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National Drug Control Strategy: High Intensity Drug Trafficking Area (HIDTA) 2004 Annual Report

NCJ Number
207693
Date Published
January 2005
Annotation
This 2004 annual report outlines the High Intensity Drug Trafficking Area (HIDTA) strategies and initiatives undertaken by each of the designated areas during the funding year.
Abstract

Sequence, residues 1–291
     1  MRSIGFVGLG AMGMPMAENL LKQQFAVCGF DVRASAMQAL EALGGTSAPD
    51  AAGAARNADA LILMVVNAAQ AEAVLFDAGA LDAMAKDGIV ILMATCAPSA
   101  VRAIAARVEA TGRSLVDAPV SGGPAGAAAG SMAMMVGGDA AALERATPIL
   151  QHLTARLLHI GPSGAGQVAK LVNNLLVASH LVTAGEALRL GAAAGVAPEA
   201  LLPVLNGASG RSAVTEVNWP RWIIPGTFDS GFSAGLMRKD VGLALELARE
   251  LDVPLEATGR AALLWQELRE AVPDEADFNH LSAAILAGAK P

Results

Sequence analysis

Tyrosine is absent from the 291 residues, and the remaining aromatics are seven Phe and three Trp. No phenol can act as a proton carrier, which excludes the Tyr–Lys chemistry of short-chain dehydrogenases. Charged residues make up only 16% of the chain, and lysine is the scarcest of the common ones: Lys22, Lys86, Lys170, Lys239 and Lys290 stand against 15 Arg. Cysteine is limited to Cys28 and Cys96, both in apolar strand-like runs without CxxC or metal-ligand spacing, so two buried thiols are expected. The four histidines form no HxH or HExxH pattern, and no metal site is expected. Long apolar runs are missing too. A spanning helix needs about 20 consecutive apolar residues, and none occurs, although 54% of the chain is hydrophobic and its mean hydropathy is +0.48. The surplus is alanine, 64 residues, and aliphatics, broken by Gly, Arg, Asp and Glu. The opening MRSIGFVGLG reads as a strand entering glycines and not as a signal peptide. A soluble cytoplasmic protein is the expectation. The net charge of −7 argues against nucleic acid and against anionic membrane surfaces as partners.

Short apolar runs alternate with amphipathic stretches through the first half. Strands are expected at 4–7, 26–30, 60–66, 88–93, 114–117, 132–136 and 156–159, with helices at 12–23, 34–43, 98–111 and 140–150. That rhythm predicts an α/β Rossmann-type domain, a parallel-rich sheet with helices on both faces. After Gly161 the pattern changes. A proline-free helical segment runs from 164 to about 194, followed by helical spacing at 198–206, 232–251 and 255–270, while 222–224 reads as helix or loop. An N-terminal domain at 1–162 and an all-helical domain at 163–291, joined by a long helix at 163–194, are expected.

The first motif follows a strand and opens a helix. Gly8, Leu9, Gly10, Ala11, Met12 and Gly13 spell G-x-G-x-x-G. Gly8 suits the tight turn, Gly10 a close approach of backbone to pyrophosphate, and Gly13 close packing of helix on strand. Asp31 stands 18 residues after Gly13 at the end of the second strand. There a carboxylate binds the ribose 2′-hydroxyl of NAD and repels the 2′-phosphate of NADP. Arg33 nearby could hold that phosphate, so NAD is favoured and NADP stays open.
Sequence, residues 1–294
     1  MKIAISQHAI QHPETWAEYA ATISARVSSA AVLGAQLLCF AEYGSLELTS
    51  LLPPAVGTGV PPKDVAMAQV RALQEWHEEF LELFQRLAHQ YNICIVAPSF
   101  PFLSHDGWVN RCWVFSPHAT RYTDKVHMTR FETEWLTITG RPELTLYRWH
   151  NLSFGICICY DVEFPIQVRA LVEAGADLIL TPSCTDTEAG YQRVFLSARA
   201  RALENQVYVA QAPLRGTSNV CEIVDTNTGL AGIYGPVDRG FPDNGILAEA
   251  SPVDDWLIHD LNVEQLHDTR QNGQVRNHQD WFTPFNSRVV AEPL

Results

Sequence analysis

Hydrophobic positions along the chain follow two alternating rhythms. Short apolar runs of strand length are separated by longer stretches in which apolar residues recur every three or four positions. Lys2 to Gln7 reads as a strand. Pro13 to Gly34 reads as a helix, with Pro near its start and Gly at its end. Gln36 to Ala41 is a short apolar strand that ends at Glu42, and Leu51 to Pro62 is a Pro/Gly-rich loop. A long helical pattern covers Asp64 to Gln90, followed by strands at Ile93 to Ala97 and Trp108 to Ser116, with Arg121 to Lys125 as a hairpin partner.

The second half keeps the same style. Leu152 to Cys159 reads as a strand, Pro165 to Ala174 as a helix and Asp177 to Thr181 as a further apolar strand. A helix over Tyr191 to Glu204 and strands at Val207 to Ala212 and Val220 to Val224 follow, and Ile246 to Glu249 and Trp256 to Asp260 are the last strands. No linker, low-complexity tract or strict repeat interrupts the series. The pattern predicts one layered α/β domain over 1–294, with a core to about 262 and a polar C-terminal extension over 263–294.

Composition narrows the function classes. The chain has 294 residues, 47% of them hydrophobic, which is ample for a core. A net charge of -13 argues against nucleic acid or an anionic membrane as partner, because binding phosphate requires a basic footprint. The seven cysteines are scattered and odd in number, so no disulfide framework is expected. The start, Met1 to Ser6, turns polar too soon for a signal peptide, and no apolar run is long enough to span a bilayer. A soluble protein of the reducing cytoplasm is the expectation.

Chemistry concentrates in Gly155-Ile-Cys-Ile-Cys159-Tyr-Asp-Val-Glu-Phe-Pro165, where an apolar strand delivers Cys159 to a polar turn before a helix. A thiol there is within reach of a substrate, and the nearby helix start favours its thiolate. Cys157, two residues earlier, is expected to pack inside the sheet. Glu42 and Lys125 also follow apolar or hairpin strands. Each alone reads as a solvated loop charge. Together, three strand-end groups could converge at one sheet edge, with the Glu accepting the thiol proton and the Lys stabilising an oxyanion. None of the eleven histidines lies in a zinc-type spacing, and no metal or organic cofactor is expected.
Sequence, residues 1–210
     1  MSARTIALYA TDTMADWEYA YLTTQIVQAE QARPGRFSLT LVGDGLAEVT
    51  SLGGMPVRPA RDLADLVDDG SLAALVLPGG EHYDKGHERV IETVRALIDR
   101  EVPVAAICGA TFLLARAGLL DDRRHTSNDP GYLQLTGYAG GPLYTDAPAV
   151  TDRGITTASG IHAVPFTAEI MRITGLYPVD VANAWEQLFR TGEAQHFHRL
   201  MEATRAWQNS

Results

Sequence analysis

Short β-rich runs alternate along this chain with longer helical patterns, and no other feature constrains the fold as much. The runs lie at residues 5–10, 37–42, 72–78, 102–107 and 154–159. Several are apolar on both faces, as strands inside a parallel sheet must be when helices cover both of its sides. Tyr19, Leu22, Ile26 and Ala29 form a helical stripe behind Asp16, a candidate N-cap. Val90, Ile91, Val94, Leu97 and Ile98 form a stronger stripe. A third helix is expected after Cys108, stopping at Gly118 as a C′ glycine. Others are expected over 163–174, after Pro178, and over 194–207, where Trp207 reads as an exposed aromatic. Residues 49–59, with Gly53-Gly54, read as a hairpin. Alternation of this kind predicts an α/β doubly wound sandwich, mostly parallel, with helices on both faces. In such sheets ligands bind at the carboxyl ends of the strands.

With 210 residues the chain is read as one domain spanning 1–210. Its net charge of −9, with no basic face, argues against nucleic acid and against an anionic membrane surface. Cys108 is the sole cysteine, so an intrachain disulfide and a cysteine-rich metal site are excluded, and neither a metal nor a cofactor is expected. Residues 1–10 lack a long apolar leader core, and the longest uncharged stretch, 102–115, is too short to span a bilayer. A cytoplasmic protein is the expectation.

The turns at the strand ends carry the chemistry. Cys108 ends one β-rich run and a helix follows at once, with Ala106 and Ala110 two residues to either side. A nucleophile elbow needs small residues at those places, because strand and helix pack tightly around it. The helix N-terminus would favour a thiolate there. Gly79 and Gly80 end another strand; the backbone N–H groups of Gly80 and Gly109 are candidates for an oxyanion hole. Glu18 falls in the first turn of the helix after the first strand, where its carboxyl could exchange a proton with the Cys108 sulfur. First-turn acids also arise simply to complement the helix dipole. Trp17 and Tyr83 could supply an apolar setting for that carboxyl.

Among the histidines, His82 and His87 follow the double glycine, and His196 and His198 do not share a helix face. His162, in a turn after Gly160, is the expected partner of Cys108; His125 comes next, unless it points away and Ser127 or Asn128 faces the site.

The Office of National Drug Control Policy (ONDCP) has designated certain areas in the United States as HIDTAs because of the serious and harmful drug trafficking problems affecting these areas and surrounding communities. HIDTAs are targeted for additional Federal resources to help in the elimination of the production, manufacture, transportation, distribution, and chronic use of illegal drugs and money laundering. A key component of the overall HIDTA strategy is to assist Federal, State, and local law enforcement organizations invest in the infrastructure and joint initiatives necessary to reduce the activities of drug trafficking organizations. Key priorities of the program are: (1) to assess regional drug threats; (2) to design strategies for combating drug trafficking threats; (3) to develop and fund initiatives; (4) to facilitate coordination of Federal, State, and local efforts; and (5) to improve the effectiveness of drug trafficking control initiatives. Twenty-eight areas in the U.S. are currently designated as HIDTAs; these areas comprise roughly 13 percent of United States counties and are in 43 States, the U.S. Virgin Islands, Puerto Rico, and the District of Columbia. Information about each of the 28 HIDTAs is presented in turn, including general program information, mission statement, threat assessment, main strategies and initiatives, participating agencies, and significant achievements. The annual report also presents the 2004 National HIDTA Program Awards. Figures